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Mass-Spring Oscillator Analysis

Consider now the mass-spring oscillator depicted physically in Fig.D.3, and in equivalent-circuit form in Fig.D.4.

Figure D.3: An ideal mass $ m$ sliding on a frictionless surface, attached via an ideal spring $ k$ to a rigid wall. The spring is at rest when the mass is centered at $ x=0$ .
\includegraphics{eps/massspringwall}

Figure D.4: Equivalent circuit for the mass-spring oscillator.
\includegraphics{eps/tankec}

By Newton's second law of motion, the force $ f_m(t)$ applied to a mass equals its mass times its acceleration:

$\displaystyle f_m(t)=m{\ddot x}(t).
$

By Hooke's law for ideal springs, the compression force $ f_k(t)$ applied to a spring is equal to the spring constant $ k$ times the displacement $ x(t)$ :

$\displaystyle f_k(t)=kx(t)
$

By Newton's third law of motion (``every action produces an equal and opposite reaction''), we have $ f_k = -f_m$ . That is, the compression force $ f_k$ applied by the mass to the spring is equal and opposite to the accelerating force $ f_m$ exerted in the negative-$ x$ direction by the spring on the mass. In other words, the forces at the mass-spring contact-point sum to zero:

\begin{eqnarray*}
f_m(t) + f_k(t) &=& 0\\
\Rightarrow\; m {\ddot x}(t) + k x(t) &=& 0
\end{eqnarray*}

We have thus derived a second-order differential equation governing the motion of the mass and spring. (Note that $ x(t)$ in Fig.D.3 is both the position of the mass and compression of the spring at time $ t$ .)

Taking the Laplace transform of both sides of this differential equation gives

\begin{eqnarray*}
0 &=& {\cal L}_s\{m{\ddot x}+ k x\} \\
&=& m{\cal L}_s\{{\ddot x}\} + k {\cal L}_s\{x\} \quad \hbox{(by linearity)} \\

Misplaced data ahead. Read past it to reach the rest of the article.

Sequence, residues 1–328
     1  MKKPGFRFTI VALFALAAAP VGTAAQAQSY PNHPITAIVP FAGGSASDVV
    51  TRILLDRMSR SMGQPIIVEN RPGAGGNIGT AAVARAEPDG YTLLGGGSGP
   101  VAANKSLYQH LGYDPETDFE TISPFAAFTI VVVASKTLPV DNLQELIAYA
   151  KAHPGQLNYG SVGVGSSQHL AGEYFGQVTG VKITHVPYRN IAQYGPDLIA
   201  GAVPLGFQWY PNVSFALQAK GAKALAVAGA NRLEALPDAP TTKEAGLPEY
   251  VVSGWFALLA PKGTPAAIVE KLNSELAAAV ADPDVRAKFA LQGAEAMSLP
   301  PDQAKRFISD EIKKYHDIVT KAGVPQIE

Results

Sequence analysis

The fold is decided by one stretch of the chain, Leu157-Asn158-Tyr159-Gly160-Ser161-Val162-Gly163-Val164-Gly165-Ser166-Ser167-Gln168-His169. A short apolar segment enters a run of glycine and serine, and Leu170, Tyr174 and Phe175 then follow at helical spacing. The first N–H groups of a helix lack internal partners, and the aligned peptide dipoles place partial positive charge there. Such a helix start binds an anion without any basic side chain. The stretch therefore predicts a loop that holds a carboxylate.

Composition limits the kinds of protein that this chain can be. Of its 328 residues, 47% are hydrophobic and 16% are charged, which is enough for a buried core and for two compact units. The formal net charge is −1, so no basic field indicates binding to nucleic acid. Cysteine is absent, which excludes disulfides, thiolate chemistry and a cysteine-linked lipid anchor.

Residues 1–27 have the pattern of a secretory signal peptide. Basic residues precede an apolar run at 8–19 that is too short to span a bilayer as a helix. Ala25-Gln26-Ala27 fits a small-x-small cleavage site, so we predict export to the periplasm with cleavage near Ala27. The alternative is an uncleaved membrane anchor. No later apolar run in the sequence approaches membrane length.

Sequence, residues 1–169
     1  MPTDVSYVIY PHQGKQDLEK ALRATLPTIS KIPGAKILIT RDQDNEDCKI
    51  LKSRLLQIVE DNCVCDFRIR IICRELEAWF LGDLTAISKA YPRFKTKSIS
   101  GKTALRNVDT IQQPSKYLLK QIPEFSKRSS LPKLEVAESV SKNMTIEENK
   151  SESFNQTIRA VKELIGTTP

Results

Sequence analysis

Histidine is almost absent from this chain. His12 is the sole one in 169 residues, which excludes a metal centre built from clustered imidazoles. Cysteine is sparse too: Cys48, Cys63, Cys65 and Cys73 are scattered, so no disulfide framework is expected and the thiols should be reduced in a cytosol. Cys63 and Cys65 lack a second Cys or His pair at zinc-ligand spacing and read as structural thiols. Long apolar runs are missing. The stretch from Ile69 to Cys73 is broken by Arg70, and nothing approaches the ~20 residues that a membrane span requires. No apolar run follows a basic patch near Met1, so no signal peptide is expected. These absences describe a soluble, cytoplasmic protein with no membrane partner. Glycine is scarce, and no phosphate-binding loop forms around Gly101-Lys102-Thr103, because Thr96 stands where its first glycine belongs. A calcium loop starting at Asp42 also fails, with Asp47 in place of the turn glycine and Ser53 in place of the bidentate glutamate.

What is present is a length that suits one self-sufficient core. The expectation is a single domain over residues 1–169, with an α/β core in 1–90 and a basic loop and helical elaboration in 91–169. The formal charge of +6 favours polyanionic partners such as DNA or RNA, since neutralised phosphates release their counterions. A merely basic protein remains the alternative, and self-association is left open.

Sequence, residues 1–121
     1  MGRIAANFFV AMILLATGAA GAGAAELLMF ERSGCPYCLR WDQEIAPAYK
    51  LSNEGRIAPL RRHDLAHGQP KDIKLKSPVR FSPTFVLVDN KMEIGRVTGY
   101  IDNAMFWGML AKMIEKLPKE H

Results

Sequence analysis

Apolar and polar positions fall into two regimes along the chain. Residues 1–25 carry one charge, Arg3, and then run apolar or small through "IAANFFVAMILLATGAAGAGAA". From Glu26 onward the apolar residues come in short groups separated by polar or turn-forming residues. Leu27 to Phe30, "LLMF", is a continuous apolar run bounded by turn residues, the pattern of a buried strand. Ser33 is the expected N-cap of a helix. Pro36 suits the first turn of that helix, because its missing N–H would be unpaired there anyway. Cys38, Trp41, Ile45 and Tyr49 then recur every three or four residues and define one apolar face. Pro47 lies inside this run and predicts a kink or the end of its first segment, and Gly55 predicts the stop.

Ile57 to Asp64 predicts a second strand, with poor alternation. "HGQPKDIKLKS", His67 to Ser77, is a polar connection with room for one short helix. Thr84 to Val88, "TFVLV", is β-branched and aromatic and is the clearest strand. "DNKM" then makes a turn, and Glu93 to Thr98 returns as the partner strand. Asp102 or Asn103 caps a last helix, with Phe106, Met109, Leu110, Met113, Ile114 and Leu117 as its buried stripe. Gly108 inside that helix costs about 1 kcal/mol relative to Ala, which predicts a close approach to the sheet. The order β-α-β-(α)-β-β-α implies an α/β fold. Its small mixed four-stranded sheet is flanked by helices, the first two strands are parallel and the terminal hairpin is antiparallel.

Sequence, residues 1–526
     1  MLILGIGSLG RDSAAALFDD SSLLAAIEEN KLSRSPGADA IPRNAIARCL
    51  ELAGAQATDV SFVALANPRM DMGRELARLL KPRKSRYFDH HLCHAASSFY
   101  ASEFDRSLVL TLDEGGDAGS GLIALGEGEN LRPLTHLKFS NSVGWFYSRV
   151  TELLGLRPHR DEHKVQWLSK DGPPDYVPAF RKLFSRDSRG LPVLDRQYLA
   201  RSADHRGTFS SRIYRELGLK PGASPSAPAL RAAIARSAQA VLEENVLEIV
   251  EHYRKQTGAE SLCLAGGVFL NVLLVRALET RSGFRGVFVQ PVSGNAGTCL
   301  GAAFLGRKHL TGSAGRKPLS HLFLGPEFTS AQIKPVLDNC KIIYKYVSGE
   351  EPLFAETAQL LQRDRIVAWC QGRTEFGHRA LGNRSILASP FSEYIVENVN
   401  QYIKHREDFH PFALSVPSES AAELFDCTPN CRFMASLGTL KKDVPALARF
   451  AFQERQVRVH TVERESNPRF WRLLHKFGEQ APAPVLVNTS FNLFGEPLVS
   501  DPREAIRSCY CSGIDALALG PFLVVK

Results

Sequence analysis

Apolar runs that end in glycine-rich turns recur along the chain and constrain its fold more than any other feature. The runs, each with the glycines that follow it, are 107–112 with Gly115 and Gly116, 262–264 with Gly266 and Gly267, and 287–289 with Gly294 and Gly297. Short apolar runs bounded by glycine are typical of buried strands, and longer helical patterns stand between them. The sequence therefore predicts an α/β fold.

&=& m\left[s{\cal L}_s\{{\dot x}\} - {\dot x}(0)\right] + k X(s)
\quad\hbox{(by the differentiation theorem)} \\
&=& m\left\{s\left[sX(s) - x(0)\right] - {\dot x}(0)\right\} + k X(s)
\quad \hbox{(diff.~theorem again)} \\
&=& ms^2 X(s) - msx(0) - m{\dot x}(0) + k X(s).
\end{eqnarray*}

To simplify notation, denote the initial position and velocity by $ x(0)=x_0$ and $ {\dot x}(0)={\dot x}_0=v_0$ , respectively. Solving for $ X(s)$ gives

\begin{eqnarray*}
X(s) &=& \frac{sx_0 + v_0}{s^2 + \frac{k}{m}}
\;\isdef \; \frac{r}{s+j{\omega_0}} + \frac{\overline{r}}{s-j{\omega_0}},\quad
{\omega_0}\isdef \sqrt{k/m},\quad\mbox{and} \\ [10pt]
r&=& \frac{x_0}{2} + j \frac{v_0}{2{\omega_0}}
\;\isdef \; R_r e^{j\theta_r},\quad\hbox{with}\\ [10pt]
R_r &\isdef & \frac{\sqrt{v^2_0 + {\omega_0}^2 x^2_0}}{2{\omega_0}}, \qquad
\theta_r \;\isdef \; \tan^{-1}\left(\frac{v_0}{{\omega_0}x_0}\right)
\end{eqnarray*}

denoting the modulus and angle of the pole residue $ r$ , respectively. From §D.1, the inverse Laplace transform of $ 1/(s+a)$ is $ e^{-at}u(t)$ , where $ u(t)$ is the Heaviside unit step function at time 0 . Then by linearity, the solution for the motion of the mass is

\begin{eqnarray*}
x(t) &=& re^{-j{\omega_0}t} + \overline{r}e^{j{\omega_0}t}
= 2\mbox{re}\left\{re^{-j{\omega_0}t}\right\}
= 2R_r\cos({\omega_0}t - \theta_r)\\
&=& \frac{\sqrt{v^2_0 + {\omega_0}^2 x^2_0}}{{\omega_0}}
\cos\left[{\omega_0}t - \tan^{-1}\left(\frac{v_0}{{\omega_0}x_0}\right)\right].
\end{eqnarray*}

If the initial velocity is zero ($ v_0=0$ ), the above formula reduces to $ x(t) = x_0\cos({\omega_0}t)$ and the mass simply oscillates sinusoidally at frequency $ {\omega_0}=
\sqrt{k/m}$ , starting from its initial position $ x_0$ . If instead the initial position is $ x_0=0$ , we obtain

\begin{eqnarray*}
x(t) &=& \frac{v_0}{{\omega_0}}\sin({\omega_0}t)\\
\;\Rightarrow\; v(t) &=& v_0\cos({\omega_0}t).
\end{eqnarray*}


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``Introduction to Digital Filters with Audio Applications'', by Julius O. Smith III, (September 2007 Edition).
Copyright © 2014-03-23 by Julius O. Smith III
Center for Computer Research in Music and Acoustics (CCRMA),   Stanford University
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